LINGUIST List 4.765

Tue 28 Sep 1993

Disc: Shall

Editor for this issue: <>


  1. , R.I.P. shall
  2. mmackenz, Re: 4.751 Shall
  3. John Goldsmith, Re: 4.751 Shall
  4. Gary Coen, Shall as an Illocutionary Act?

Message 1: R.I.P. shall

Date: Sun, 26 Sep 93 13:18:28 EDR.I.P. shall
From: <>
Subject: R.I.P. shall

A minor note on the passing of "shall", which, if not dead, is clearly
being kept alive only by heroic intervention.

I noted Linda Coleman's posting especially. I'd wondered when somebody
was going to mention "Shall we ..?" and "Shall I ...?". The latter,
however, is - in my experience - significantly less common than the
former, and I believe there's a reason. What we actually hear in normal
uses of modals is an unstressed syllable, and it's usually subject to
considerable phonological reduction in English (witness "can't" /kae'n/ vs.
can /kE'n/ or [unstressed] /kn/).

So what this is more likely to be than /shae'lwi/ or /shae'lay/ is
/shwi'/ or /shlay'/. The latter is unambiguous as a representation
of "shall I", and it sounds - to my 51-year-old Midwestern US ear - as
higher register than I normally like to invoke in ordinary spoken
English, which is to say "odd". The former, however, I use frequently,
and recognize others as using frequently. Note that /shwi'/ is in fact
ambiguous, and *could* represent "should we" as well as "shall we".
I submit that its ambiguity represents a merger of "shall" and "should"
in this function, another sign of shall's impending demise. Modals don't
die rapidly, however.

No doubt "shall" will linger on for decades or centuries, like "dare" and
"need", and get together at the Old Modals' Home for chats about
the old days. The fact is that old modals never die, they just become
negative polarity items.

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Message 2: Re: 4.751 Shall

Date: Mon, 27 Sep 1993 00:12:10 Re: 4.751 Shall
From: mmackenz <>
Subject: Re: 4.751 Shall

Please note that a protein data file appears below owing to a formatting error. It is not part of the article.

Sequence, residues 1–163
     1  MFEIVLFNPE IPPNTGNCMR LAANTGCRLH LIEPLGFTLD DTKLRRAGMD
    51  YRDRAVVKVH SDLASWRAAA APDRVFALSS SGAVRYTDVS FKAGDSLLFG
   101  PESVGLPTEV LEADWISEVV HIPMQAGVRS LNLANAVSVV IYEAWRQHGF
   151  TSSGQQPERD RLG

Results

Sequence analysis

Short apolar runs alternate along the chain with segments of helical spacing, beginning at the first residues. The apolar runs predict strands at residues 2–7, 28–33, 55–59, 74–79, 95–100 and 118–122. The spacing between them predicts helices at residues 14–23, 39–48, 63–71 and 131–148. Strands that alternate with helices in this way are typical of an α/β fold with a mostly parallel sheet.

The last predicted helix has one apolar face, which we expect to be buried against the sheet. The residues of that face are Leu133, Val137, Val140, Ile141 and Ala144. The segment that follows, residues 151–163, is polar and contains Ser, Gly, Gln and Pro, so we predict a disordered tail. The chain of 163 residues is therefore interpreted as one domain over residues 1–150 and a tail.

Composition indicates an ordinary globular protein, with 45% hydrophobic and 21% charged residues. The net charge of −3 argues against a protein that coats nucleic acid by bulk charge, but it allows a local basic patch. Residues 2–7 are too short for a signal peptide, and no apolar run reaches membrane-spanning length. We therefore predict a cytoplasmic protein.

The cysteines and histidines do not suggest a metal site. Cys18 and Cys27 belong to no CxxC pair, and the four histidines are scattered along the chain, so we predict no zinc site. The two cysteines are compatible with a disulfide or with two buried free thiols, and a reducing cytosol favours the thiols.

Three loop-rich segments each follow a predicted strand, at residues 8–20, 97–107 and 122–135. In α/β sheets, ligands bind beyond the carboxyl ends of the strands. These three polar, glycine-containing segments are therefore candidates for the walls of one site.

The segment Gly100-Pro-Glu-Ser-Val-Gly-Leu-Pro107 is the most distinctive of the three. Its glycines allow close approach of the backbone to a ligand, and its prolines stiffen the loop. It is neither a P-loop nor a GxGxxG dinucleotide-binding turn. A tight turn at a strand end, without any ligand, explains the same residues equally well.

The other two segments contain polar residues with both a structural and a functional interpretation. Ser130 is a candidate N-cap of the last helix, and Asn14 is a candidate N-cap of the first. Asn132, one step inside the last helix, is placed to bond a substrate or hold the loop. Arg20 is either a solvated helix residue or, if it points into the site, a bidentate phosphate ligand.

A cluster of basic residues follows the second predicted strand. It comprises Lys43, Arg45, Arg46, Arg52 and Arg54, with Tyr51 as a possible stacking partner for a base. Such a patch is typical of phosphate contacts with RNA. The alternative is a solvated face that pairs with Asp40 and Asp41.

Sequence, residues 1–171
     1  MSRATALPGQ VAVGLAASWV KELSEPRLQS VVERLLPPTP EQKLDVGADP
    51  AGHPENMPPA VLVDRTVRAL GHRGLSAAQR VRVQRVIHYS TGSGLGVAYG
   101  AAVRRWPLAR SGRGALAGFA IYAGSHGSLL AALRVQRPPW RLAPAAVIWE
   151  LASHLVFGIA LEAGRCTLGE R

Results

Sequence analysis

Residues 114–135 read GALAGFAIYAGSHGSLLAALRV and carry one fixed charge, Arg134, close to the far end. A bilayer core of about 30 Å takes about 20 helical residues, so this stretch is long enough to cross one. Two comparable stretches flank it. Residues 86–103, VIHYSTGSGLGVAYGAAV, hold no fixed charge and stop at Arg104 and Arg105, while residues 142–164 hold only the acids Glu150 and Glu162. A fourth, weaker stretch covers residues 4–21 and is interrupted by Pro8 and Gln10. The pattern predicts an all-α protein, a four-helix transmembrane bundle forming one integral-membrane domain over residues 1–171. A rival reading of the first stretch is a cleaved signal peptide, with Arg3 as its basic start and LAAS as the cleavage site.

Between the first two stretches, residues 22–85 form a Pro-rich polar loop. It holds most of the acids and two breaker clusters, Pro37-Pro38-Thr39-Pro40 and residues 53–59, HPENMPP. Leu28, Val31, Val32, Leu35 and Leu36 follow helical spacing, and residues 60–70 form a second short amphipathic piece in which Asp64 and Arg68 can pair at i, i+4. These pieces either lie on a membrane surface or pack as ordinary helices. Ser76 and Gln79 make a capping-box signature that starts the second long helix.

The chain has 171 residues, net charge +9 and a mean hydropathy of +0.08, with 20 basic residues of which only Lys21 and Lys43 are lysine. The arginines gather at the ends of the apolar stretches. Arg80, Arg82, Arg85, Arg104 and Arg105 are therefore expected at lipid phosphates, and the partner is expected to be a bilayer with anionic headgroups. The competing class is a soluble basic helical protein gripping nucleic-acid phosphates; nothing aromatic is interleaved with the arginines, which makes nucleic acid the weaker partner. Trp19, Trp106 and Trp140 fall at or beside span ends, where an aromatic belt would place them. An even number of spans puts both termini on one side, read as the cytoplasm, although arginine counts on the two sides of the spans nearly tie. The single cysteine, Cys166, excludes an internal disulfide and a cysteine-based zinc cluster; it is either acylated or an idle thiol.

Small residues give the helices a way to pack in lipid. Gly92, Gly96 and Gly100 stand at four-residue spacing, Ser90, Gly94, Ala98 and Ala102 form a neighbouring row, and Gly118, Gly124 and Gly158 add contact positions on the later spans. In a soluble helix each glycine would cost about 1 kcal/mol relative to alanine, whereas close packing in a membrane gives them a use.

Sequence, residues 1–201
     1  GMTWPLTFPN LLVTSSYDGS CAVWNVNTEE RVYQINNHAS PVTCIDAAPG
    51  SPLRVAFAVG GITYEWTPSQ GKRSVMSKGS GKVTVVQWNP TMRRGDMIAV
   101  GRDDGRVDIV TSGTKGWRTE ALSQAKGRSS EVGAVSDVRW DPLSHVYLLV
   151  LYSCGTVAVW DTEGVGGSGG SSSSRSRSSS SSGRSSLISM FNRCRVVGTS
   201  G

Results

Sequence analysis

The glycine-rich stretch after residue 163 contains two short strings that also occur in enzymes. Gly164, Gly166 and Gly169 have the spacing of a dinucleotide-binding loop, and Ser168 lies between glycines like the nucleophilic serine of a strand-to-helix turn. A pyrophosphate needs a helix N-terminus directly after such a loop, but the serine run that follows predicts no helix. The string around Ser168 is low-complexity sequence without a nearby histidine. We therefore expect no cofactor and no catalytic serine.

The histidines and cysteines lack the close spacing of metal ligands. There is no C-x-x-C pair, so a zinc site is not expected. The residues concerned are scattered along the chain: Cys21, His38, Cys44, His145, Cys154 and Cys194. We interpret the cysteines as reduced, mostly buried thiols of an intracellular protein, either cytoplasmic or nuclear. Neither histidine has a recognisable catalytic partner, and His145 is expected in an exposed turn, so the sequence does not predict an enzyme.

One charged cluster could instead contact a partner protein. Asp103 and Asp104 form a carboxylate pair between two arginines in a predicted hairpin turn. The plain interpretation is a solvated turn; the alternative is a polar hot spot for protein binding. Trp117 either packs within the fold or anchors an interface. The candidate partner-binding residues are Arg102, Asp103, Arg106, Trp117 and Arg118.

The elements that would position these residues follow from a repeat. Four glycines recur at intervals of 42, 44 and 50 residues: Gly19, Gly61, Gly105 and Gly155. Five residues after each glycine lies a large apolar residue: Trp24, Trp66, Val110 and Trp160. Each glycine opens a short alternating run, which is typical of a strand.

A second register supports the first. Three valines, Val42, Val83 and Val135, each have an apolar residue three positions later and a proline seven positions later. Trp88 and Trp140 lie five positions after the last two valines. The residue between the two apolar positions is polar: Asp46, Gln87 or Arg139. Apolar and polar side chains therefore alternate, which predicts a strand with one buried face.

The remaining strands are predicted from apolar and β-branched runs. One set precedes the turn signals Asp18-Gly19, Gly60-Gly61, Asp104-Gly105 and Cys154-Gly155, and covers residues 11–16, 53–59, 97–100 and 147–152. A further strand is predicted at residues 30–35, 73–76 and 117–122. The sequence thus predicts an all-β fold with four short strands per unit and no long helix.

Leslie Morgan mentions that her use of 'shall' is due in part to influence
from her NOrth Carolina mother. My mother was also from North Carolina
(Charlotte) so perhaps my usage could come from a similar source. I
grew up in East Tennessee (near Knoxville), but do not know if East
Tennesseans also use shall/shan't. I suspect not, but does anyone els
out there know for sure?

Mike MacKenzie
Indiana University, Bloomington
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Message 3: Re: 4.751 Shall

Date: Mon, 27 Sep 93 12:19:35 GMRe: 4.751 Shall
From: John Goldsmith <>
Subject: Re: 4.751 Shall

I have noticed myself using "shall" for years, and I thought
someone else would post the conditions for its use that fit
my behavior, but no one has. In short, it's a marker of deference.
"Shall I go get the groceries?" is something I'd naturally
say to a much older person; I don't use it in a non-inverted
or negated context. (To an equal, not in a deferential
category, I'd say "should I go get the groceries", but
that would normally be pronounced "[shay] go get the groceries.")
John Goldsmith
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Message 4: Shall as an Illocutionary Act?

Date: Mon, 27 Sep 93 10:57:33 EDShall as an Illocutionary Act?
From: Gary Coen <>
Subject: Shall as an Illocutionary Act?

As numerous LINGUIST list subscribers have affirmed, _shall_ seems
neither dead nor moribund in contemporary English usage. My midwestern
dialect puts me among the speakers that Linda Coleman (LINGUIST 4.751)
identifies as using _shall_ to formulate interrogatives (e.g., "Shall
we get started now?"). As she points out, these questions convey more
than a simple request for information.

In my dialect, _shall_ seems to be marked as a first person modal, and
this is consistent with most of the data I have seen in this thread.
There remains, of course, the possibility that this is more an artifact
of undergraduate grammar and rhetoric than a shared behaviour of a
somewhat heterogeneous speech community located in rural central Iowa.

Interestingly, in the last couple of years I have learned that certain
government documents (e.g. DoD requests for proposal and contracts)
distinguish strictly and systematically between their usage of _shall_
and non-marked terms like _will_, _should_, etc. In these documents,
_shall_ invariably conveys specific, scheduled contract requirements,
and the other non-marked synonomous terms are not used in this way. I
am not aware of a precursor to this semantic distinction. Further,
this marked usage of _shall_ always occurs in the third person. Perhaps
_shall_ has a future as an illocutionary act.

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